The terrestrial electricity phenomena observed include earth currents and atmospheric electricity.
Terrestrial electricity has to do with those natural electric phenomena which take place within the earth-earth currents- and those which are found in the atmosphere of the earth- atmospheric electricity.
These currents circulate in the crust of the earth and are in general weak, but in times of disturbances they may attain strength sufficient to interfere seriously with telegraphic transmission. These currents and the atmospheric-electric phenomena may be grouped as the electric field of the earth and its atmosphere.
Earth currents represent a world-wide system which differs from place to place, and which is subject to regular and periodic and to irregular variations, both in intensity and direction. The earlier attempts to measure earth currents were often contradictory, because some natural currents are purely local in character, and artificial currents like those due to leakage from power-system are superimposed.
Atmospheric electricity Source of Image
Even though earth currents may be immediately produced by magnetic changes, they should have a reaction that would affect the measured variations of magnetic force with strength of reaction depending on the internal structure of the earth.
Evidence of diurnal variations on clam and disturbed days, show a small definite and distinctive differences in the magnetic variations during periods of disturbed earth currents.
The classical kite experiments on the electrification of clouds and the nature of lightning by Benjamin Franklin in 1752 furnished the foundation for atmospheric electric investigations. The development of the study of the electric phenomena of the atmosphere advanced somewhat after the introduction of the quadrant electrometer by Lord Kelvin and the introduction by J. J. Thomson of the ionic theory of the electrical conduction in gases, and under the leadership of J. Elster and H. Geitel the foundations were laid for present-day investigations of the electric field.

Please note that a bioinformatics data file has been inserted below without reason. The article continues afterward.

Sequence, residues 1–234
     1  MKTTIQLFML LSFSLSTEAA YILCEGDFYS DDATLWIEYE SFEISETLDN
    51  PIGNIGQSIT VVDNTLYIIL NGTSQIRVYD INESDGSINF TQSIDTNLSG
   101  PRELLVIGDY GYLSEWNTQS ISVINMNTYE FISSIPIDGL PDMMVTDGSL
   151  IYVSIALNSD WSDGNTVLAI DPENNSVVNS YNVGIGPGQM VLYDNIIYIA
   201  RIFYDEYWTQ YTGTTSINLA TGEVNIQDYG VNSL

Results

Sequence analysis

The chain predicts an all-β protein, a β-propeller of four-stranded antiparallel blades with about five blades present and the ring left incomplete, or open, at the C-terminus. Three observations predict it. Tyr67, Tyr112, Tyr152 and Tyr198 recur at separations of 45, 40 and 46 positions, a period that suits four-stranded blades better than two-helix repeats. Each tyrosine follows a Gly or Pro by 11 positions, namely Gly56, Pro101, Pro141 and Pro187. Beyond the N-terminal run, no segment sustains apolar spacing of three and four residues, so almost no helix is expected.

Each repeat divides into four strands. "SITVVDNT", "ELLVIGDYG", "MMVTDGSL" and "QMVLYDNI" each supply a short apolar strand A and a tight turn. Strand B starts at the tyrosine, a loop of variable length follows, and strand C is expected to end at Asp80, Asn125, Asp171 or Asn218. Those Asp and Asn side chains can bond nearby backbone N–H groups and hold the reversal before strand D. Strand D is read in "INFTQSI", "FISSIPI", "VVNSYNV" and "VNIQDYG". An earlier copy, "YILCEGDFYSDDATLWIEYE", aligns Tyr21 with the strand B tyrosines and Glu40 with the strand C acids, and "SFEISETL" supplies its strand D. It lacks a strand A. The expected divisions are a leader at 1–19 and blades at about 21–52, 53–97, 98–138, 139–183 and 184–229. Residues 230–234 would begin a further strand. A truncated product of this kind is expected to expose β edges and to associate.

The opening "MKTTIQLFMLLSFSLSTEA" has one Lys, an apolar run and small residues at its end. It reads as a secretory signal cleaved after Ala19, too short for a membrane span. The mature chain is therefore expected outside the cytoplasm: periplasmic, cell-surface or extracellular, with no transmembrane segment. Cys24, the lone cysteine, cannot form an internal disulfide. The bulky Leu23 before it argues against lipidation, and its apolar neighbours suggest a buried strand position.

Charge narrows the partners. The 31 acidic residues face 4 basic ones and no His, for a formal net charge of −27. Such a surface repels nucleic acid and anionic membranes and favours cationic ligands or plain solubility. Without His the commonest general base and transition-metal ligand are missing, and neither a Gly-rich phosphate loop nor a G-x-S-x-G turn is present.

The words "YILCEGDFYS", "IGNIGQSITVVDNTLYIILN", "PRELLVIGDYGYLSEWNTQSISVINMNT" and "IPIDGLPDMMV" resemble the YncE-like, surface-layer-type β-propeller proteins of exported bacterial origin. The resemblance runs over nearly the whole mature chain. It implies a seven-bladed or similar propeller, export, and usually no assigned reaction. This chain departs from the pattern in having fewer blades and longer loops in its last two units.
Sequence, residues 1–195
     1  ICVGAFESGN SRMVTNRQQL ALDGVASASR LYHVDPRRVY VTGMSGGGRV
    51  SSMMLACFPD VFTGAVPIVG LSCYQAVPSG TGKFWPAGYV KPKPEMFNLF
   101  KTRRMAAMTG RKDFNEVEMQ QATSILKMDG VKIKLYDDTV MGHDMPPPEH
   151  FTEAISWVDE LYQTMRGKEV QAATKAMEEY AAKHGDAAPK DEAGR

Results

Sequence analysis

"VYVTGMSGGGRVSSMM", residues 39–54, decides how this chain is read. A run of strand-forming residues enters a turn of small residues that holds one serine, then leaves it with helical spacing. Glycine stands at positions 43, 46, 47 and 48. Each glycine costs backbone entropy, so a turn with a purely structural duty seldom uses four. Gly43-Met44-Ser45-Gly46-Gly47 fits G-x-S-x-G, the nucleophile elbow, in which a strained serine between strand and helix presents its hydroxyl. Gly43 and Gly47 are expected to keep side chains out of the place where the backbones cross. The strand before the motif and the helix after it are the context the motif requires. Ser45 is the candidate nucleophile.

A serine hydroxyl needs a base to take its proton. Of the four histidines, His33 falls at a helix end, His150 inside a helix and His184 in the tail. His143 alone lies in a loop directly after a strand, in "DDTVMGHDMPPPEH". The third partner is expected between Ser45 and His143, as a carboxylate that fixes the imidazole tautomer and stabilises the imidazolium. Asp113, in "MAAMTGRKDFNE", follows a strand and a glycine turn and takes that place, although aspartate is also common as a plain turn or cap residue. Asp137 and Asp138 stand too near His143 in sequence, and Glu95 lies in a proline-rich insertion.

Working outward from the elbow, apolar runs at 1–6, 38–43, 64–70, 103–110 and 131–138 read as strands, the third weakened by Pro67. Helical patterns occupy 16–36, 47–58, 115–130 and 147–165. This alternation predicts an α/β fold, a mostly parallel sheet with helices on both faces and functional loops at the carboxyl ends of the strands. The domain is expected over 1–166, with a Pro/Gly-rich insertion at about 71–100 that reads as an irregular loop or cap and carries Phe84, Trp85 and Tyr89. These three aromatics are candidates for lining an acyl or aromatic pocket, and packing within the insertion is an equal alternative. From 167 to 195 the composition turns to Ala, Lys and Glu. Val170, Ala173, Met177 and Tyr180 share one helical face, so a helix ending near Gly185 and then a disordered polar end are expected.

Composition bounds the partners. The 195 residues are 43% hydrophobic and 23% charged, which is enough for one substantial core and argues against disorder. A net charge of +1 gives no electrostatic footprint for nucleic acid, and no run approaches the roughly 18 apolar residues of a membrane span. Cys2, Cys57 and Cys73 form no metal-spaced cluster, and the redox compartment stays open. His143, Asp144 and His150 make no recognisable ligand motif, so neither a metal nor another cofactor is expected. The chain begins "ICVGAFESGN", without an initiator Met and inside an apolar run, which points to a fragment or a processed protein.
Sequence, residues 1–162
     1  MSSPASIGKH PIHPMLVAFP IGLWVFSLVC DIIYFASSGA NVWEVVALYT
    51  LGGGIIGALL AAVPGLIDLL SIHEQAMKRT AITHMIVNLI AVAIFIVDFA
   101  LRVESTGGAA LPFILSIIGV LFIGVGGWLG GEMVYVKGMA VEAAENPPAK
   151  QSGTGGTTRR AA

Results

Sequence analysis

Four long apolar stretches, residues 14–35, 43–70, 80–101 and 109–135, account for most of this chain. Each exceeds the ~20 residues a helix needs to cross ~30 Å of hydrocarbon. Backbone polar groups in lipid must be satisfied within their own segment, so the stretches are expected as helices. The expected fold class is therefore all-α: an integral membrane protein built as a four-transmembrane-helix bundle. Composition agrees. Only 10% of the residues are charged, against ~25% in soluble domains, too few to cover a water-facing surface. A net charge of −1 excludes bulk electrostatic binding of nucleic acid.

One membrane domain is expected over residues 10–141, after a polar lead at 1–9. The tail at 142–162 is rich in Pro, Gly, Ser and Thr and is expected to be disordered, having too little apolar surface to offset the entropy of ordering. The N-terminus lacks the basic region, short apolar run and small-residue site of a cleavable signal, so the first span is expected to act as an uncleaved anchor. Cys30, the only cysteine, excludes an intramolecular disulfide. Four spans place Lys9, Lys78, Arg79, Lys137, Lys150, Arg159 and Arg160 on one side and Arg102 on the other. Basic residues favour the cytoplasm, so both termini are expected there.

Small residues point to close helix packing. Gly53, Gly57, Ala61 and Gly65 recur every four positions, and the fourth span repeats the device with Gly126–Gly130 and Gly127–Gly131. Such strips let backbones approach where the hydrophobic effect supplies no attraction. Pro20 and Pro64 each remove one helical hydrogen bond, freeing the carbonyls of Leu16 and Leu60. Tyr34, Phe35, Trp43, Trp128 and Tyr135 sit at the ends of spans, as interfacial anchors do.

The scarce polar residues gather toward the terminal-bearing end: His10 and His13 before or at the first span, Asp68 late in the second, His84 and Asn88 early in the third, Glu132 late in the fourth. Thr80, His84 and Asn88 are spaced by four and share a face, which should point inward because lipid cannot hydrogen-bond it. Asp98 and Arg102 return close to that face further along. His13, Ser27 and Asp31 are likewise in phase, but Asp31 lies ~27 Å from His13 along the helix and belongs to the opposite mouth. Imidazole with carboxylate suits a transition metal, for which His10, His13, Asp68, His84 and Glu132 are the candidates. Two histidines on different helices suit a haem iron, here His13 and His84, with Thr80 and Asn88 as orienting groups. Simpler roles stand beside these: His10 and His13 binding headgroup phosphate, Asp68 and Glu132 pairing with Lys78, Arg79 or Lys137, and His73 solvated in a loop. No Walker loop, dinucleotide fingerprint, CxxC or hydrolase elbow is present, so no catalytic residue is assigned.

In general, the atmospheric-electric phenomena determined include potential gradient, ionization, and conductivity. On clear days the earth is negatively charged with respect to the air, and in the lower layers of the atmosphere the difference in potential between the earth and a point in the atmosphere increases with its height above the earth.
The conductivity and the potential gradient set up an electric conduction current. For the total earth, this would amount to a total current of 1,800 amps. The observation that provide a measure of the conduction-current density show that negative electricity is supplied to the earth and that positive electricity is supplied to the higher strata of the atmosphere by a process which neither increase nor decreases through many years, but which may fluctuate from year to year. And from season to season, and which varies in a fairly regular manner during the day.